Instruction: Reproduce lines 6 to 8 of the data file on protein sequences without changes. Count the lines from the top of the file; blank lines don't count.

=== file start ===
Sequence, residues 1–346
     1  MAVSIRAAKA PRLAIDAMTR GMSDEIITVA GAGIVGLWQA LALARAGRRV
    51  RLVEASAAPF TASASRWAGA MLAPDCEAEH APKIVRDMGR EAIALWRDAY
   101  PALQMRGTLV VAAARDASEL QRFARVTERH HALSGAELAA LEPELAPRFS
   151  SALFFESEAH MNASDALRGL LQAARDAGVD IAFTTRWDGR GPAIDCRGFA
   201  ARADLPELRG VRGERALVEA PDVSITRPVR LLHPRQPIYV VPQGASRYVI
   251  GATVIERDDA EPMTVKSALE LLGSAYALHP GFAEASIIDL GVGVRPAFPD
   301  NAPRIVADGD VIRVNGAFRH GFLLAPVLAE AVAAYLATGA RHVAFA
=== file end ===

   201  ARADLPELRG VRGERALVEA PDVSITRPVR LLHPRQPIYV VPQGASRYVI
   251  GATVIERDDA EPMTVKSALE LLGSAYALHP GFAEASIIDL GVGVRPAFPD
   301  NAPRIVADGD VIRVNGAFRH GFLLAPVLAE AVAAYLATGA RHVAFA